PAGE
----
U.S. Senator Bill Nelson told Eyewitness News Monday morning that he met recently with President Barack Obama about NASA's future and believes the President will make a decision soon. Nelson says it would take an additional $27 billion over the next decade to replace the shuttle after 2011, continue flights to the International Space Station, and to take care of NASA’s workers. “He is very sensitive to this and I really believe the President is a fan of the space program and, at the end of the day, I am optimistic. But in a very tough money time, it's going to take a lot more money to make up for the deficiencies of the last decade,” Nelson said. Senator Nelson expects the President to make a decision sometime around the Thanksgiving holiday. (11/2)

AI Spacesuits Turn Astronauts Into Cyborg Biologists (Source: WIRED)
Equipped with wearable AI systems and digital eyes that see what human eyes can’t, space explorers of the future could be not just astronauts, but “cyborg astrobiologists.” That’s the vision of a research team led by Patrick McGuire, a University of Chicago geoscientist who’s developed algorithms that can recognize signs of life in a barren landscape. At the heart of McGuire’s system is a Hopfield neural network, a type of artificial intelligence that compares incoming data against patterns it’s seen before, eventually picking out those details that qualify as new or unusual.

The system successfully differentiates lichen from surrounding rock — a proof-of-principle test that lays the foundation for adding other types of data. For the last several years, McGuire worked on CRISM, a Mars-orbiting imager that detects infrared and other invisible-to-human-eye wavelengths of light, allowing it to identify different types of rock and soil. McGuire envisions the digital eyes of cyborg astrobiologists as scaled-down versions of CRISM, their data perpetually crunched by the Hopfield networks on their hips. (11/2)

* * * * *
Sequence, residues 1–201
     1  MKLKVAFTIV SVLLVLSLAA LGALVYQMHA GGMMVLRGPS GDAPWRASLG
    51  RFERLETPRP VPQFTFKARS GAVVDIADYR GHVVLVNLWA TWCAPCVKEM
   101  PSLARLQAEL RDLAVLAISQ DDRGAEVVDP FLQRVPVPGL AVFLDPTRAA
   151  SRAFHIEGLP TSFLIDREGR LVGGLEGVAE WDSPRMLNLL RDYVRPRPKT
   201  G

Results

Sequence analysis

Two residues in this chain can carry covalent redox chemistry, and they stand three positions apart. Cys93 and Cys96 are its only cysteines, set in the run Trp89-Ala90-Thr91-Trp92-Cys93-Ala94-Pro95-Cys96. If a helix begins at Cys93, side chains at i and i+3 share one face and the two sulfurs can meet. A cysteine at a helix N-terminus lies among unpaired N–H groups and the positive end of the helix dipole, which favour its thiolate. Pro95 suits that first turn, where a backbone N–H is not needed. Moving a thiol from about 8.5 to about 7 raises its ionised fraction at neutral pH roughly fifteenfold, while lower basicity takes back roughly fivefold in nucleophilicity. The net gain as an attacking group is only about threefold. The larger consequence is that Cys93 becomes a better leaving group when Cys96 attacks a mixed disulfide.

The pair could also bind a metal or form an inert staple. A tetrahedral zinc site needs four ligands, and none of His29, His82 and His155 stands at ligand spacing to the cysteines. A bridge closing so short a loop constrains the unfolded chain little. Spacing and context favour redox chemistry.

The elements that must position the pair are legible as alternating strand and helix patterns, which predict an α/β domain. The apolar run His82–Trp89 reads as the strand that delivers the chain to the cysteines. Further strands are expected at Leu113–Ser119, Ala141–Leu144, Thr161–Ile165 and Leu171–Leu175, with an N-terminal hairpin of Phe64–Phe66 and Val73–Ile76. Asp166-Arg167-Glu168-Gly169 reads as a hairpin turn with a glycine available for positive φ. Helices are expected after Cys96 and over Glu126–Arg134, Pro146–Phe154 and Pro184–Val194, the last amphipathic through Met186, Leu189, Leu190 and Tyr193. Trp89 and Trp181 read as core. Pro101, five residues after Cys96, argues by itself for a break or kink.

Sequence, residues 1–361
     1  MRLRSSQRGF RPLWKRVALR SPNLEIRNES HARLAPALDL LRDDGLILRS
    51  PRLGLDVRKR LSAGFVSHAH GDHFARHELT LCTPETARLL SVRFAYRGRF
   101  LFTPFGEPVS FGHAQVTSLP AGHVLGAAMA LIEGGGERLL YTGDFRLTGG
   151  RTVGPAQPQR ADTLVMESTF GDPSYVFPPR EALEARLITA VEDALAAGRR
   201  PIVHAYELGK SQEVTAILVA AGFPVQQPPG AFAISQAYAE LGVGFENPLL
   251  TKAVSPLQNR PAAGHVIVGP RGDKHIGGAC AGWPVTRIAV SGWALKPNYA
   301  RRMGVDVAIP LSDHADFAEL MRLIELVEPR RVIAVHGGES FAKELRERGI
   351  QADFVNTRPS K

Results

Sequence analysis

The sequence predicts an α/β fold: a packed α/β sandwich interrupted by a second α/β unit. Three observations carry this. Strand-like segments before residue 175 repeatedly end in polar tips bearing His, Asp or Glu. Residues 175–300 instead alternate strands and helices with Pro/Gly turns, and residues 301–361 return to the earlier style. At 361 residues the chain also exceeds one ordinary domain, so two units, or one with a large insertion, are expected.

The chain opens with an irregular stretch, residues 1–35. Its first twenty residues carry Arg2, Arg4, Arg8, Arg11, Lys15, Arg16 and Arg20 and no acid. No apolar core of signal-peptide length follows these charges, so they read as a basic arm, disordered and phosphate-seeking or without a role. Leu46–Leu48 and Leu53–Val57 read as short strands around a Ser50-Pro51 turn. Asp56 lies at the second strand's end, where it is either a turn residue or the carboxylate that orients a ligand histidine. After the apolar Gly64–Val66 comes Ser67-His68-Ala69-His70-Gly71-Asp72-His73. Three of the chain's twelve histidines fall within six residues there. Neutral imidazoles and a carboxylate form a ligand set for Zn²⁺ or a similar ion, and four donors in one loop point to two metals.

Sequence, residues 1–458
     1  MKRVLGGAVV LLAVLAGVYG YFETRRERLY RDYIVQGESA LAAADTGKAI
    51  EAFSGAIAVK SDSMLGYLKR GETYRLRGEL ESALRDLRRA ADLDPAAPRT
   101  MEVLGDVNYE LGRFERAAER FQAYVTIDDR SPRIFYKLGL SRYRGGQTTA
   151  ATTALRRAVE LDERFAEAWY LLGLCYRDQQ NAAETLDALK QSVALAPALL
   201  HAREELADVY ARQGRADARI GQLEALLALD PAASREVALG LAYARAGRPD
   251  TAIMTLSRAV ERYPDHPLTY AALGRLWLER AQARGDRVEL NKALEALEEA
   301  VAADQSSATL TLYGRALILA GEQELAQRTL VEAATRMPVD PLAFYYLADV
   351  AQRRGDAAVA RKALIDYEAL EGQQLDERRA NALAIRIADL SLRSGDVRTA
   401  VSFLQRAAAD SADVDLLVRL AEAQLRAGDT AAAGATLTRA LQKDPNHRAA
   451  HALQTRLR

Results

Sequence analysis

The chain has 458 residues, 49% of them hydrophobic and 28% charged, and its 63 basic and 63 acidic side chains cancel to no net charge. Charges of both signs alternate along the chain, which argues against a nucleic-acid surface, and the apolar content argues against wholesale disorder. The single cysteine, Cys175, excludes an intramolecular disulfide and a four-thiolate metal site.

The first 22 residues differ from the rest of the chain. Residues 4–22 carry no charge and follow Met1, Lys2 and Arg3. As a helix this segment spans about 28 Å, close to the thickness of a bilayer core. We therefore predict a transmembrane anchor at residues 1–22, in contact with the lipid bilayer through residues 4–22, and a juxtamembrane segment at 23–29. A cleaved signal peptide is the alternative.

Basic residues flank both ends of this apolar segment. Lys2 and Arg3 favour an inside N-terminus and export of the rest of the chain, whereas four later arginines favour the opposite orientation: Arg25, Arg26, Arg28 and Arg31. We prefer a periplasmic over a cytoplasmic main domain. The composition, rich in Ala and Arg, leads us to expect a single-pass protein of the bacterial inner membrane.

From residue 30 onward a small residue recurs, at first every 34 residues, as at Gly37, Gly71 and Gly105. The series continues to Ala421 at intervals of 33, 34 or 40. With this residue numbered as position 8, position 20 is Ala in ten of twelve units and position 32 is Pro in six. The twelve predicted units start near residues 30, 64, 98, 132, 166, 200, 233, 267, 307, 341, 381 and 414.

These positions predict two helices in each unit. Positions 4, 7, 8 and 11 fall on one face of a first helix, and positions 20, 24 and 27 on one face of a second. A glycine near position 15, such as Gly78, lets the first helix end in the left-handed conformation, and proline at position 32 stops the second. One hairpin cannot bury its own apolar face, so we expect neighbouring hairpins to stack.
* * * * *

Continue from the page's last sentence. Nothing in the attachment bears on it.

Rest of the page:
NASA and X PRIZE Announce Winners of Lunar Lander Challenge (Source: NASA)
NASA will award $1.65 million in prize money Thursday to a pair of innovative aerospace companies that successfully simulated landing a spacecraft on the moon and lifting off again. NASA's Centennial Challenges program will give a $1 million first prize to Masten Space Systems of Mojave, Calif., and a $500,000 second prize to Armadillo Aerospace of Rockwall, Tex., for their Northrop Grumman Lunar Lander Challenge flights. The competition was managed by the X PRIZE Foundation. The Northrop Grumman Corporation is a commercial sponsor that provided operating funds for the contest to the X PRIZE Foundation. (11/2)

Embry-Riddle to Collaborate with FAA on Space Transportation Research (Source: ERAU)
The Space Shuttle’s fast-approaching retirement is opening up new opportunities for commercial space transportation, and Embry-Riddle is making strides to support the industry’s growth under a new collaboration with the FAA’s Office of Commercial Space Transportation. An agreement with the agency identifies five space transportation topics that can be supported by Embry-Riddle faculty and student researchers, including Special Activity Airspace Standards; Critical Spaceport Infrastructure Needs; Space Launch Operations Issues and Anomalies; Uncertainty Risk Study; and Spaceport Capacity Study.